This post is an introduction to Amazon Alexa. This is a blog post format of my original presentation on Google Slides. This post and Google Slide presentation are for educational purposes.
Let’s get started!
Introduction to Amazon Alexa
What is Alexa?
What is a VUI?
VUI stands for Voice User Interface meaning that a user can interact with the software using their voice. It is similar to a GUI or Graphical User Interface in the way that a VUI and GUI are both front ends. However, a VUI is not in competition with a GUI. A VUI is not meant to replace a screen. A VUI is just another option in which a user can interact with software.
For Alexa, the software takes intents and utterances. Intents are functions or actions that a user is available to invoke in an Alexa skill through an utterance. Since there are many different ways to express the same intent (or request), utterances are a set of likely spoken phrases for one intent. (In an upcoming blog, there will be code to illustrate this).
With VUI, there are different ways of expressing emotion. SSML is Speech Synthesis Markup Language. SSML gives a developer control on how Alexa should sound. SSML can make Alexa whisper, pause, or recite a number as a set of digits. Another way of expressing emotion is to use Speechcons. Speechcons are like emoticons. Instead of a smiley face emoticon, a developer can use a speechcon to make Alexa say, “Hurrah!”
How Do You Use Alexa? (Utterance Syntax)
An utterance is what a user would say to interact with Alexa. The utterance maps to an intent, which invokes a function on an Alexa skill. What is an example of a spoken utterance?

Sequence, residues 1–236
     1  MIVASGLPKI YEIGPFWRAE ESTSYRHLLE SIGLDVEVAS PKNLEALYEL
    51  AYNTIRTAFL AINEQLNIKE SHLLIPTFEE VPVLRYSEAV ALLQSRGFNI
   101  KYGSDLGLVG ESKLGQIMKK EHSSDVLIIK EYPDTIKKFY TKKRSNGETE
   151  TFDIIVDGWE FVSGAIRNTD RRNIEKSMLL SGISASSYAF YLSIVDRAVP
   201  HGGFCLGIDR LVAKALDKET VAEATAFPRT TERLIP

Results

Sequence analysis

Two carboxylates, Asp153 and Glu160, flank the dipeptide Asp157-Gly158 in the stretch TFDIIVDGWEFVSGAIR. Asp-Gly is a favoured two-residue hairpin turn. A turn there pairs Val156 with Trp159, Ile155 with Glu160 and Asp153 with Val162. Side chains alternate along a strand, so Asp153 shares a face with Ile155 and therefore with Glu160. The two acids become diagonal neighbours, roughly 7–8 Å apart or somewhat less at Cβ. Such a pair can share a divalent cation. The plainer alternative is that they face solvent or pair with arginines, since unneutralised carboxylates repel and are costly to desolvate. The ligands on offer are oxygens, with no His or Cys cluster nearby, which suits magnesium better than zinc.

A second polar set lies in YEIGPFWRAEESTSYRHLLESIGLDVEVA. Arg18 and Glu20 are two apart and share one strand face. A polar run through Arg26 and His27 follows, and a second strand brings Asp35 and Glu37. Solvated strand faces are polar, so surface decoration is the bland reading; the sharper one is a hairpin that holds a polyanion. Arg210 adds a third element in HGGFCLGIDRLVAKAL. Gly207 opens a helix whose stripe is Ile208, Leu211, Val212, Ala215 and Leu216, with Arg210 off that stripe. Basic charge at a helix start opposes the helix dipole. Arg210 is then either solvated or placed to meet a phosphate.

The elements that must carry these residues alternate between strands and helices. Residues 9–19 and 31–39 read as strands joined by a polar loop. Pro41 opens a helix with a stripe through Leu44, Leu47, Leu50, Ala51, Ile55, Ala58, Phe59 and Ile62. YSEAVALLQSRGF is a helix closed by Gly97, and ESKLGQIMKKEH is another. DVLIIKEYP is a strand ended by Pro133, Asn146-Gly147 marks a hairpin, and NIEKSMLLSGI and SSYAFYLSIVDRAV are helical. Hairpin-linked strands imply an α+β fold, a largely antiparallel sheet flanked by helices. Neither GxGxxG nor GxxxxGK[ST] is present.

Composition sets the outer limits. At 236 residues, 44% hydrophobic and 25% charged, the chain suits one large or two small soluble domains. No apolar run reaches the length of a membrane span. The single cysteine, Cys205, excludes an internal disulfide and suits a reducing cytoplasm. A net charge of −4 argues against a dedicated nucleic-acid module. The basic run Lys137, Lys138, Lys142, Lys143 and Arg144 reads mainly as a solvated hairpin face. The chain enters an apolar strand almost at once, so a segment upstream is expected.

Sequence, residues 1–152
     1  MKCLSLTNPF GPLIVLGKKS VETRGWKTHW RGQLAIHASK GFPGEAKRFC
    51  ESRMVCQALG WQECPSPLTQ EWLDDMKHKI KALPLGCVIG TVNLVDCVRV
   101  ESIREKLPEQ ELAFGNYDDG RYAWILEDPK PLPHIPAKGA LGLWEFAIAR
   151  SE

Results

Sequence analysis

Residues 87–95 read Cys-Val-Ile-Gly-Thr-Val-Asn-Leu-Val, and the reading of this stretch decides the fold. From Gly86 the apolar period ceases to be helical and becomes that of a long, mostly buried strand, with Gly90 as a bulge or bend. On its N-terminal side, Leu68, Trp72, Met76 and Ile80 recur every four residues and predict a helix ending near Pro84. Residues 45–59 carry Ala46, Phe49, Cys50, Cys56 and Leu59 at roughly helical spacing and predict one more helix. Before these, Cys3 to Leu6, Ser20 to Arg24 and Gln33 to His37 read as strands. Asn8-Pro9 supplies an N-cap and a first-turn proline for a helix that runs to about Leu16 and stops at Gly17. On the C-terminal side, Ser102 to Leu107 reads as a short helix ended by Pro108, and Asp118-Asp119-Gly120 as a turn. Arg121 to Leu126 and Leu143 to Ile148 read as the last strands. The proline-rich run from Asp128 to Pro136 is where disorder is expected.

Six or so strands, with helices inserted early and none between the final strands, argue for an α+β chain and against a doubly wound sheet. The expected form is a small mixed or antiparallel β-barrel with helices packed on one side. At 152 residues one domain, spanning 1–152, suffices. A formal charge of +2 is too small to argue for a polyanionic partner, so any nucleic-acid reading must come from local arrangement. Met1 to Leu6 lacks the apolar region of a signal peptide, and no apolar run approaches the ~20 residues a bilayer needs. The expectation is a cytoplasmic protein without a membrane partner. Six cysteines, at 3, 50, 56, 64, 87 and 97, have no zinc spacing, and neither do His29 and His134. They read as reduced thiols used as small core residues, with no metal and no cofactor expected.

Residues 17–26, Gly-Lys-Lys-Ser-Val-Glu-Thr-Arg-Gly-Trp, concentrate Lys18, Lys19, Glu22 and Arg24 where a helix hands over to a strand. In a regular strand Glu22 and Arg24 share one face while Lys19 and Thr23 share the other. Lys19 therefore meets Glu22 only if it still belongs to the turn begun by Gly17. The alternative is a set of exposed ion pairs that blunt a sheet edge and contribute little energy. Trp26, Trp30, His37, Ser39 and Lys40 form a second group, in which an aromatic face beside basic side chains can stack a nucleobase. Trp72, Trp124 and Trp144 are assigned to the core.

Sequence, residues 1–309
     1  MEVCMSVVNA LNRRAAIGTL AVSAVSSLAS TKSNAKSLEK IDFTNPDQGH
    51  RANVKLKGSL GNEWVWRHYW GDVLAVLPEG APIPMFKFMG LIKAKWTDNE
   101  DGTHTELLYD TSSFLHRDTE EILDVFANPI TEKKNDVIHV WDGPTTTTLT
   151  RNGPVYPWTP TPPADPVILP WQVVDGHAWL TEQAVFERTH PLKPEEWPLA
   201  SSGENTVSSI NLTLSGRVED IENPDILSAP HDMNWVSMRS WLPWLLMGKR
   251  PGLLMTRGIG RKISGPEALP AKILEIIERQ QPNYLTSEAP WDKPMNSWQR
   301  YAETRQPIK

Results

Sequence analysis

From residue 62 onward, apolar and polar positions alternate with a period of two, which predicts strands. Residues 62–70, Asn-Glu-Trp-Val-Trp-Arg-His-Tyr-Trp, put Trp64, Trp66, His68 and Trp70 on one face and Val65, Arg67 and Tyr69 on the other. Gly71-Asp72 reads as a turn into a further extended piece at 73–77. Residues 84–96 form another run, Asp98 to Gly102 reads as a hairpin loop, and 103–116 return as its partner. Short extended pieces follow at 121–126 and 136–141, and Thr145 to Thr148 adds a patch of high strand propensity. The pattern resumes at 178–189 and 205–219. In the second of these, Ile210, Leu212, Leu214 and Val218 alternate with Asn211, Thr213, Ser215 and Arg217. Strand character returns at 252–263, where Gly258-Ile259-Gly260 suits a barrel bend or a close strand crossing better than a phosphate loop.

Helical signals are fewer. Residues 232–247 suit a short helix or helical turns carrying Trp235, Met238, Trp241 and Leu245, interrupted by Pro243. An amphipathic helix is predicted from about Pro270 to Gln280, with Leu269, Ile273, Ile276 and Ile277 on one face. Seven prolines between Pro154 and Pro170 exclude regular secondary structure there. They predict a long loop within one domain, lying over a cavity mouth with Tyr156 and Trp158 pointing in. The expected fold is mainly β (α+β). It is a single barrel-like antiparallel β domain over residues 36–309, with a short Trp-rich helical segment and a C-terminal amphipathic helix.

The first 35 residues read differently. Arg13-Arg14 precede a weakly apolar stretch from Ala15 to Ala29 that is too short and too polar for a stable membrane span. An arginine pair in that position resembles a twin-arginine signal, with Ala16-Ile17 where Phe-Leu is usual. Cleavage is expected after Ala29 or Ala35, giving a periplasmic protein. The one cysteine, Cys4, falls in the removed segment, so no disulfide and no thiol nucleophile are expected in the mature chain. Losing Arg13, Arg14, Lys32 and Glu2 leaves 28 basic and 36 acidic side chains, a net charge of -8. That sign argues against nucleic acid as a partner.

“Alexa, start Space Facts.”
There are 3 parts to an utterance: 1. the wake word, 2. the phrase, and 3. the skill name. Here is a break down of an utterance:
- Wake word
- Skill name/function invocation
- Space Facts
The typical wake word is “Alexa”, and it is highly recommended to keep it as Alexa unless someone the user lives with has the name Alexa. If someone in the user’s household has the name Alexa, the user can change the wake word to “Amazon” or “Computer”. So the utterance would be “Amazon, start Space Facts”.
The phrase is the verb or word that causes an action. For example, “Alexa, start Space Facts” should start an intent that will invoke the Space Facts skill. Or “Alexa, stop” will stop the current action. “Alexa, help” will give some information about the skill.
This phrase or verb is where the developer will be concentrating making the different utterances for the same intent. So the utterances using “start”, “open”, “begin” will typically map the same intent. A developer will want to cover the many ways a user would say this command.
Lastly, there is the skill name or function invocation. An utterance using a skill name could be “Alexa, stop Space Facts”. Depending on the skill, there can be different functions a user can invoke that the skill will listen for.
Alexa Skill Request Lifecycle
Once a user says an utterance, what happens?
Once a user says an utterance such as, “Alexa, start Space Facts”, the Amazon Echo device picks that up and interfaces with the Alexa Skill. The skill sends the utterance to the cloud (AWS) where it does the fancy footwork. The cloud is the skill’s back end and where the code/functionality is located. The code maps the utterance to an intent, which runs code that will return a corresponding response via JSON to the Alexa Skill. The Alexa skill will then output the response to the user via the Amazon Echo device. In this example, if the user said, “Alexa, start Space Facts”, Alexa’s response will be probably be a space fact such as “A year on Mercury is just 88 days long”.
So that’s it on my introduction to Amazon Alexa. To continue on how to make an Alexa Skill, click here for Part 2.